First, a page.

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IRS Answers 15 Payroll Questions on Tip Reporting

 

Tip reporting is often a tricky proposition for employers at restaurants and other industries where tipping is common. Employees often try to sweep tips "under the table" by failing to properly report tips that they receive so they don't have to pay tax on them. But an employer can end up taking the fall for failing to comply with the rules. To provide some much-needed guidance in this area, the IRS issued new Publication 5080, Form 4137, Compliance Program Frequently Asked Questions, with 15 Q&As on the tip reporting compliance program.

A Few Tips for Reporting Tips

Employees who receive cash tips of $20 or more in a calendar month are required to report the total to their employers. These employees must provide written reports by the tenth of the following month. Employees who receive tips of less than $20 in a calendar month aren't required to report their tips to employers, but are still required to report the amounts as income on their tax returns.

Cash tips include tips received directly from customers, tips from other employees under a tip-sharing arrangement, and charged tips (from credit and debit cards) distributed to the employee. But service charges, which are added to a bill or fixed by an employer, do not constitute tips, but rather non-tip wages. These non-tip wages are subject to Social Security tax, Medicare tax, and federal income tax withholding.

Some common examples of service charges (sometimes called "auto-gratuities") in service industries are:

  • Large party charge (restaurants);
  • Bottle service charge (restaurant and night-clubs);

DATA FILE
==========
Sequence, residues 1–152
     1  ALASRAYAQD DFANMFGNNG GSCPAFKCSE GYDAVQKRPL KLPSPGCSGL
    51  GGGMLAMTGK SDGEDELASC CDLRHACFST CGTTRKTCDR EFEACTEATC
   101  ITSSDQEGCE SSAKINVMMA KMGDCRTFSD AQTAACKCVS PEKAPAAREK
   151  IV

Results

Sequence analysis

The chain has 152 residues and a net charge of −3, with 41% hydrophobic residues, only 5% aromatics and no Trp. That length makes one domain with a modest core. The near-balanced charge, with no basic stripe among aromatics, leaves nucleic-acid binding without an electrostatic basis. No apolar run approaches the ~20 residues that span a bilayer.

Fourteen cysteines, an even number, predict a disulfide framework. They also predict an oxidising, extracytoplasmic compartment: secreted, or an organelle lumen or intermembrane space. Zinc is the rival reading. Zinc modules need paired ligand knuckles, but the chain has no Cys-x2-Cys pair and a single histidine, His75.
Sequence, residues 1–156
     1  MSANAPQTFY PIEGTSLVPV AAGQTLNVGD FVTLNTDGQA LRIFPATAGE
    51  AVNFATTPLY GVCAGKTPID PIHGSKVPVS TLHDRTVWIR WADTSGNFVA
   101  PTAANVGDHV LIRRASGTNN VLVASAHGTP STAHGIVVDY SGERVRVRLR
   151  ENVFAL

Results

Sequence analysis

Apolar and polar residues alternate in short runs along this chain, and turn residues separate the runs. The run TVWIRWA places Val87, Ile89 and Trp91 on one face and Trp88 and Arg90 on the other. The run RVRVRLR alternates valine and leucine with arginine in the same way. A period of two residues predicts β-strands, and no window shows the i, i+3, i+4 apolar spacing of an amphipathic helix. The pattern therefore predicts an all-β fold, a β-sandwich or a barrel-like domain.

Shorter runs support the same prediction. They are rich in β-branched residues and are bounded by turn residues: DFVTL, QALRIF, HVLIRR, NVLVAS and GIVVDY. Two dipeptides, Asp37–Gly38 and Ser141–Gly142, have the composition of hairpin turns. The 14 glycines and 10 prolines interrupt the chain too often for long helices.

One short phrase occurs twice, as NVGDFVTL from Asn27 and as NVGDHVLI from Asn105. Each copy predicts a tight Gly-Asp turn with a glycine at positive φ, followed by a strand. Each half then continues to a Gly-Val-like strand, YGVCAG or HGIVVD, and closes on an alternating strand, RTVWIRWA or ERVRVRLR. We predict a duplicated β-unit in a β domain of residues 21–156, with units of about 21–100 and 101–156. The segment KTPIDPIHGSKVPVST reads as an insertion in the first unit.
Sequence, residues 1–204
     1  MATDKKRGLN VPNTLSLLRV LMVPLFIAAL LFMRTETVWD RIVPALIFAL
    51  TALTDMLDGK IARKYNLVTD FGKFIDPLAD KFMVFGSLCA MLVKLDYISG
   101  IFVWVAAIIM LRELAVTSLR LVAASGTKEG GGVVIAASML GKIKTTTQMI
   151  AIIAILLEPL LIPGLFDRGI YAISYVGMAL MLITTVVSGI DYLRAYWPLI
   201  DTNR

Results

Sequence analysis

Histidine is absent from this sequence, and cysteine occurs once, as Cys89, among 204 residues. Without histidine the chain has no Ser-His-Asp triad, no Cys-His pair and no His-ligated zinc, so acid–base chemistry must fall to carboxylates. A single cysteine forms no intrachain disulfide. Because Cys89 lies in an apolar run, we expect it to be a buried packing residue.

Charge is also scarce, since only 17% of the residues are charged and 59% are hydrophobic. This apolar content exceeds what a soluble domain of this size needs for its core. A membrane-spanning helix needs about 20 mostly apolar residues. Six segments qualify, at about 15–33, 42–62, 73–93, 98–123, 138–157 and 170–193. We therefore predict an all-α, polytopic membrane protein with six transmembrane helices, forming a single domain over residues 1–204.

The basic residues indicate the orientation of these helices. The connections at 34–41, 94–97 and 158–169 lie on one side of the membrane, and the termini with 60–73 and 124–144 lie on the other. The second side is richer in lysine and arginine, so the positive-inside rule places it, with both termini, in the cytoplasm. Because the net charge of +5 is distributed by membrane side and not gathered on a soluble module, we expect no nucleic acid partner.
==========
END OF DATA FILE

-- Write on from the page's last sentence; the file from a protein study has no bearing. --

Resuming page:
• Room service charge (hotels and resorts);
  • Contracted luggage assistance charge (hotels and resorts); and
  • Mandated delivery charge (pizza, food or retail deliveries).

Employees can use Form 4070A, Employee's Daily Record of Tips and Form 4070, Employee's Report of Tips to Employer, to report their tips to employers. Both forms can be found in IRS Publication 1244, Employee's Daily Record of Tips and Report to Employer

Background: Employers in industries where tipping is customary know they must pay the employer's share of Social Security and Medicare (FICA) taxes on tips employees report to them. However, many employers don't realize that they may be liable for these same taxes on tips employees do not report to them.

For tips that employees do not report to the employer, the employer's liability for the its share of FICA taxes doesn't arise until the IRS issues a "Section 3121(q) Notice and Demand."

The Section 3121(q) Notice and Demand instructs the employer to include the Social Security and Medicare tax amount shown on the employer's next Form 941. The Notice and Demand is based on information the IRS collects from the employees' Forms 4137, Social Security and Medicare Tax on Unreported Tip Income.

Employees use Form 4137 to report and pay their share of Social Security and Medicare taxes due on the tips they did not report to their employers, including any tips allocated to employees of large food and beverage establishments. The employer is not subject to any interest charges or deposit penalties if it properly reports and pays the taxes as instructed in the notice and demand.

The IRS generally notifies an employer at least 30 calendar days in advance of the issuance of the Section 3121(q) Notice and Demand by issuing a "pre-notice letter" ("Letter 4520-P"). The IRS has designated a staff that may help resolve any discrepancies an employer notes on this official advance notice.